The Weekly Connect 5/13/19

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These are some of the things we’ve been reading about:

City Connects’ model of integrated student support stands out because of evidence that shows it helps reduce dropout rates.

Maine is a step closer to expanding its pre-K programs statewide.

San Francisco’s plan to reduce segregation backfires.

To read more, click on the following links.

Research & Practice

Supporting Students Outside the Classroom
Education Next: The integrated student support model aims to address barriers to learning that occur in students’ lives outside of school. These barriers include homelessness, mental health issues, or food insecurity. In integrated student support programs, like Communities in Schools, an onsite coordinator serves as hallway cheerleader, listening ear, and point of connection to social services and other community resources, in addition to implementing schoolwide programming targeted at boosting attendance, persistence, and academic success. While these interventions are not new, their profile is on the rise. In general, there are mixed findings about how these programs serve students outside of meeting their immediate needs for food or medical care. City Connects, one example of a model of integrated student support, stands out in its evidence of efficacy for reducing dropout rates. See related article: Education Dive “Report Shows Wraparound Services’ Impact on Community College Student Success.”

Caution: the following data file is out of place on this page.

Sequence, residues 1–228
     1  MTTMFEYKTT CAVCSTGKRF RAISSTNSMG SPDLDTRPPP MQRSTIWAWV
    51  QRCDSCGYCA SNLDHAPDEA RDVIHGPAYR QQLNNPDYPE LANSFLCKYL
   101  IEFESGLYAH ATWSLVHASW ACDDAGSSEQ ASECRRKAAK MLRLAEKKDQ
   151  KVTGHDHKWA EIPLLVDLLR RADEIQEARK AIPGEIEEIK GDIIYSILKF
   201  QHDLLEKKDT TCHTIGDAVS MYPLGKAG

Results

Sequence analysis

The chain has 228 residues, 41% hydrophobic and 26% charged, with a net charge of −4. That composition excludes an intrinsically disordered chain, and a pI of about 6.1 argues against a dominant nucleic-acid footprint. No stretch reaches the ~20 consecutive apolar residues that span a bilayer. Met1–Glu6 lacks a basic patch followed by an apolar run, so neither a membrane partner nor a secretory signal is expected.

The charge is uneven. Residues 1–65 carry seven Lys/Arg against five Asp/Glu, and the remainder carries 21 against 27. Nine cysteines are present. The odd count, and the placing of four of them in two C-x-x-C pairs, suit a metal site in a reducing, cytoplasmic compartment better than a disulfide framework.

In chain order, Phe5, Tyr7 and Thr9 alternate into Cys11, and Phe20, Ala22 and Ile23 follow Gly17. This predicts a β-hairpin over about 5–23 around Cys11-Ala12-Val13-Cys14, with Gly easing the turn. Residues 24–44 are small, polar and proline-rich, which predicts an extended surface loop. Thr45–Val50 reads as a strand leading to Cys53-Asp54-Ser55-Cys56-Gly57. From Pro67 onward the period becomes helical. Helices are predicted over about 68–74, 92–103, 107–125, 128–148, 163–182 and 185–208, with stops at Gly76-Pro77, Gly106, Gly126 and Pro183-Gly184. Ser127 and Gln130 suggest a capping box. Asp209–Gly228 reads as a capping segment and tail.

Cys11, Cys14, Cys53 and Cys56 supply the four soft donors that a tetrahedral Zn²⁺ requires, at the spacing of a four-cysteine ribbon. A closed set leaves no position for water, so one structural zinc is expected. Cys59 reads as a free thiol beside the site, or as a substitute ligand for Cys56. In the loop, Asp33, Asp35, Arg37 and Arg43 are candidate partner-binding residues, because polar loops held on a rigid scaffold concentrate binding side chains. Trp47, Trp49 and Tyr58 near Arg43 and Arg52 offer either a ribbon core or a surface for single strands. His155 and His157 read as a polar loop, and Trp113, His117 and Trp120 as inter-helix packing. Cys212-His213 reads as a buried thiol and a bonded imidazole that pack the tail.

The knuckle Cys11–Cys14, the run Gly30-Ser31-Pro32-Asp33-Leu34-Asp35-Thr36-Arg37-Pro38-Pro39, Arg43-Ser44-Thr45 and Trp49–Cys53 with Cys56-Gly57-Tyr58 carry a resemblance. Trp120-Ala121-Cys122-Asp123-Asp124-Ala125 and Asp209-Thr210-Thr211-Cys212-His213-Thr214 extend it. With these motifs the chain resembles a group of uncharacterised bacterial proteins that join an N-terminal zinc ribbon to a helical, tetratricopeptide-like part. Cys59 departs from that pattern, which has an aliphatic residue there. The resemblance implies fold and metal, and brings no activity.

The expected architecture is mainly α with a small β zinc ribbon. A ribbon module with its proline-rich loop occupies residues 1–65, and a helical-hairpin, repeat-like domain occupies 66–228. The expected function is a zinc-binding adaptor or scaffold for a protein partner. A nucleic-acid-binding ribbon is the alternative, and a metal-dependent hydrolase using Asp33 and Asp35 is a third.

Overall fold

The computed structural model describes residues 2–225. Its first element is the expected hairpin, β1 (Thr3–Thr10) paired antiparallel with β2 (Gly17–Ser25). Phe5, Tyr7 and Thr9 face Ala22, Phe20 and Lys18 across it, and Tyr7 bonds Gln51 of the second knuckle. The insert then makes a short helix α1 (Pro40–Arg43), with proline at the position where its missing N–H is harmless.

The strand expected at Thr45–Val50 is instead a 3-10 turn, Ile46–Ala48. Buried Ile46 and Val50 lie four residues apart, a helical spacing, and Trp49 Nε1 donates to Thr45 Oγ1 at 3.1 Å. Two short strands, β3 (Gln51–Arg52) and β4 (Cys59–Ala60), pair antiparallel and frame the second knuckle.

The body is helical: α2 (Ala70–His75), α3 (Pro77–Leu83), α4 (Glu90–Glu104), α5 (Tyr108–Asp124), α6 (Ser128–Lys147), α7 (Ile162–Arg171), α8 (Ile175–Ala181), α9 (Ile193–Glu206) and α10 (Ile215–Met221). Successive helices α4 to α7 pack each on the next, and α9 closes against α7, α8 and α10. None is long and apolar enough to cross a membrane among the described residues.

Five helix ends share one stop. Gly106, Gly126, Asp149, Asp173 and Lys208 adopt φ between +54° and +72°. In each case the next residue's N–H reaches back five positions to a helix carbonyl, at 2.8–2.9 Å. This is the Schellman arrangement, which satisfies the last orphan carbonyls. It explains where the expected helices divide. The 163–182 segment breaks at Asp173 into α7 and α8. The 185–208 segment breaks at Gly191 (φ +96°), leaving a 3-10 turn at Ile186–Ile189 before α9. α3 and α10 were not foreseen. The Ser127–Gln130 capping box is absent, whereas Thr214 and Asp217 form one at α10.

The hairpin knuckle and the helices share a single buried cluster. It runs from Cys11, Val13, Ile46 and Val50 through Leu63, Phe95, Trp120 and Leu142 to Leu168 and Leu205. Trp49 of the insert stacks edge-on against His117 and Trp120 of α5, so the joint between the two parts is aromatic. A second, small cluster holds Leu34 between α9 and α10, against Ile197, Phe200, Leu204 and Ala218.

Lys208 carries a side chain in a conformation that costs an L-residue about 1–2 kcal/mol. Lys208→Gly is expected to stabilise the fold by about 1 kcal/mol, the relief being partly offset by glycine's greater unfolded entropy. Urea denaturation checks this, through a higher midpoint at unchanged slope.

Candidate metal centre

Why Social-Emotional Learning Is Suddenly in the Spotlight
EdSurge: Several recent studies show that students today are distracted, they’re under a lot of pressure and they’re suffering from mental health issues more than ever before. The education community is increasingly getting involved in these issues, looping in social workers, licensed therapists, and other mental-health services to help students who are struggling. They often talk about these things in the context of “caring for the whole child” or “teaching to the whole learner.” The idea is that what it takes for kids to be successful academically is meeting their other needs, too. That includes their social and emotional needs.

Head Start Exemplars
New America: In a new report from Bellwether Education Partners, authors take a close look at five “exemplar” Head Start programs that have demonstrated evidence of positive effects on children’s learning that are substantially larger than the vast majority of the 1600-plus Head Start sites and other early childhood programs. They identify factors that contribute to their quality and offer common challenges and areas for improvement. Some of the strengths of the programs in the report include teacher autonomy and quality instruction. See related article: The Hill “Full-day, school-year programs should be the default for Head Start.

Parents Select Schools Based on Way More than Test Scores Study Finds